The question on Facebook from a clever, cosmopolitan schoolfriend set the alarm bells ringing: ‘If we leave the EU, will it really make it harder for us to move to other countries?'
The answer to this is surely that it might. Yet it's worrying if many young Brits don't know what's at stake.
The thing is, Brits rather like their freedom to move around Europe - but the campaign for Britain to leave the EU has focused heavily on restricting the right of other Europeans to live and work in the UK.
According to a revealing poll by YouGov in December, two thirds of Brits thought they should have the right to live and work in other EU countries - yet only one third believed that other Europeans should have the right to live in Britain.
In other words, Britain is about to go and vote on a subject which, terrifyingly, it can't be bothered to focus on long enough to form a coherent view. The Leave campaign has so far managed to create a vague impression that you can restrict immigration to Britain without equivalent restrictions being placed on Brits who want to move abroad.
Perhaps this reflects the way Brits talk about migration: Brits on the continent are expats; Europeans in Britain are migrants.
Unfortunately for any British diplomats charged with interpreting the will of the people in negotiations, international law doesn't recognize this distinction. As far as the negotiators will be concerned, 100,000 Bulgarian immigrant kitchen fitters have at least the same value as 100,000 sunburnt British expat pensioners.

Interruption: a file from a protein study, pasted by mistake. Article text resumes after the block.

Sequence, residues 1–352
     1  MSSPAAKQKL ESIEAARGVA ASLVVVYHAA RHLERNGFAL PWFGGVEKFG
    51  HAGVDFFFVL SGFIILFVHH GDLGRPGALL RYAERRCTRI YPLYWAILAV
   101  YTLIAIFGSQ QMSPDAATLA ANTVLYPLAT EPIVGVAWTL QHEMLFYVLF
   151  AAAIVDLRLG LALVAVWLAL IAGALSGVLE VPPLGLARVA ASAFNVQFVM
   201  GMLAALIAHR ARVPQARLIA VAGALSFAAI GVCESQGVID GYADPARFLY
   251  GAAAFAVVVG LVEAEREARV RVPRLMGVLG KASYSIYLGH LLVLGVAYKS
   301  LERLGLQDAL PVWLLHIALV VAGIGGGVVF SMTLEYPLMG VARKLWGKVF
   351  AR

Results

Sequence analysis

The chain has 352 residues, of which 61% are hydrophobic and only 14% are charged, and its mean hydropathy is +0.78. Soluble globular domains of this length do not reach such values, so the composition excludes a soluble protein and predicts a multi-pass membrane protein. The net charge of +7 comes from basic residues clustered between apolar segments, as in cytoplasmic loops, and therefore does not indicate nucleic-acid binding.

Let's be clear about one thing: a vote for Britain to leave the EU will be a vote to cut immigration from Europe. It would mean becoming even more detached than Norway or Switzerland, which have pretty much the same immigration rules as EU member states. Immigration is the most important issue for Leave voters and it has been the main focus of the Leave campaign. And if you stop EU citizens coming to Britain, Brits will be prevented from moving to the EU.
This would be a shame: the right to move from one European country to another has perhaps increased Britons' personal freedom more than any other reform since the country joined in 1973. The movement the other way has also been positive – people from the rest of the EU who live in the UK are an asset, paying far more in tax than they take out in benefits.
Like over two million other Brits, I'm biased: I've used this freedom myself – and I'd recommend any fellow Brit to try it. At the age of 21 I hopped onto a train in London, hopped off in Paris and jumped into a job. I then fell in love with a Swede and landed in Sweden, where I launched a career that has been more stimulating than anything I'd have done at home.
There are lots of compelling reasons for Britain to stay in the EU - there's a consensus that it's better for the country's economy, it serves Britain's strategic interests and our allies say it's where we belong.
But these reasons, while vitally important, perhaps don't resonate on an emotional level. But our right to put down roots in Vienna, Rome, Berlin, Krakow or Nice - just because we want to - should. It is a privilege worth protecting, and I suspect young Britons understand this. It's important that they know that this right is at risk.